What are the channels that Real-Time will be deployed on?

  • Website

    If there is already a notion of an anonymous visitor ID that is used on the website, that may be the best choice for an Anonymous Visitor ID for that channel to keep things consistent across the various systems.

    • Is there already a notion of a Visitor ID for anonymous visitors to the site?

      • Generated by the website?

      • Generated by an analytics tool?

        • Google Analytics

        • Adobe Analytics

        • etc.

  • Mobile App

    If their anonymous users are allowed to use the app, however they or guests are tracked within the app may be the best option for an anonymous id for that channel. If only registered users are allowed to use the app, then this probably falls into the category of known visitors as opposed to tracking at the anonymous level.

    • Are guests or unknown visitors allowed in the app, or are they required to register or login to use the app?

    • If Unknown visitors are allowed, how is an anonymous visitor or guest tracked?

  • Call Center

    If you were calling in for information related to the products or services provided by a company where Real-Time is considered being hosted, you want to consider if there is value in knowing anonymous behavior and how it could be used in subsequent interactions via the call center or other channels. Given that it is a call center, you would expect to know the source phone number, which is a source of Personally Identifiable Information (PII) and may fall more into a known type of ID but maybe the number is blocked and tracking behavior to the number is not an option. This one is a little bit unique where it may be more important to know about active promotions or outreach programs and track inquiries about those initiatives to see what is driving more traffic than knowing the specific individual requesting information. Alternately, knowing that this is not the first time that a particular number has reached out may provide options for a more personalized dialog for future calls.

    • If you call in without an account is any information captured about the caller that could be used in subsequent calls?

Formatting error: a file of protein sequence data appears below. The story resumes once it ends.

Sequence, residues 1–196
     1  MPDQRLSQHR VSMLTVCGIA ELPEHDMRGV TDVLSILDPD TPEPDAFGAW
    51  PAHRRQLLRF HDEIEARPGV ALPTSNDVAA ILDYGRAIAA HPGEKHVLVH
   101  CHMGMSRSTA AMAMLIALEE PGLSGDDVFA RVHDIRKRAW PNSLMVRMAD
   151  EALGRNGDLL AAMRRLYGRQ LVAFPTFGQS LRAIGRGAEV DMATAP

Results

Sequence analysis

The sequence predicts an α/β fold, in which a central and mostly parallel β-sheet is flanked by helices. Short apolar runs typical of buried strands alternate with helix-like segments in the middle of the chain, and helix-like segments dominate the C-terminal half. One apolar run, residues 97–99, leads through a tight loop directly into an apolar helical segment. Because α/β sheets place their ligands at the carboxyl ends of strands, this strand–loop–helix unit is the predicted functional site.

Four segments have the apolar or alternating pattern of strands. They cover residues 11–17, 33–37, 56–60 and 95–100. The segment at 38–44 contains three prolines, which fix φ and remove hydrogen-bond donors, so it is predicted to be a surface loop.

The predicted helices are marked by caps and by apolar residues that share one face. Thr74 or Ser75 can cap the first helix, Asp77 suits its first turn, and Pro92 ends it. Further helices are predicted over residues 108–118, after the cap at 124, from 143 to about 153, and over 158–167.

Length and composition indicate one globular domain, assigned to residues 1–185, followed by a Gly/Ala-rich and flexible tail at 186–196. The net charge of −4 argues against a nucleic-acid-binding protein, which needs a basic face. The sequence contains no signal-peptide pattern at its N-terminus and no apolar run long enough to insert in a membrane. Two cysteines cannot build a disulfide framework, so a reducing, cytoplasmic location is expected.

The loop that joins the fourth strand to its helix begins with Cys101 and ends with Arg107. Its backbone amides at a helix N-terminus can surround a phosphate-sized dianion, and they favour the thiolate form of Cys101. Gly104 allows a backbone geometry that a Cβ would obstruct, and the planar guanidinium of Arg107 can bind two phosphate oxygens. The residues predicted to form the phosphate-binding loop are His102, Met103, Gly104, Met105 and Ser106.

What analytics or event tracking tools are being used across these channels?

If there is a consistent ID that is used across channels within the analytics applications that are deployed, that may be a good choice for an anonymous ID.

Known IDs

When it comes to known IDs, you want to consider what channels Real-Time is being deployed on. If it is deployed on one channel, like the website, the account ID or whatever represents a unique customer or customer account may be a good ID to use. The entity like email that is required to set up an account may be a good choice as an alternate key.

If the system is deployed on multiple channels, you would want to consider if the same account ID is deployed across channels, or if each channel has its own notion of an account ID. If there is a single ID used across systems, then that is likely a good candidate for a master key. If they are unique per channel, then the channel with the greatest interaction may make the most sense for a master key, and the other channels' unique IDs may make sense as an alternate key.

In some cases, a master key may not make sense at all or using the Cached Attribute List feature of Real-Time and bringing the various data points around a customer together in the backend and making it available to each channel's unique ID may be an approach that is most effective.

Again, in the case of known IDs, it is not a clear-cut answer to what the best solution is. The considerations listed above need to be reviewed, and a decision needs to be made as to what will be the best deployment approach for each individual customer using Real-Time.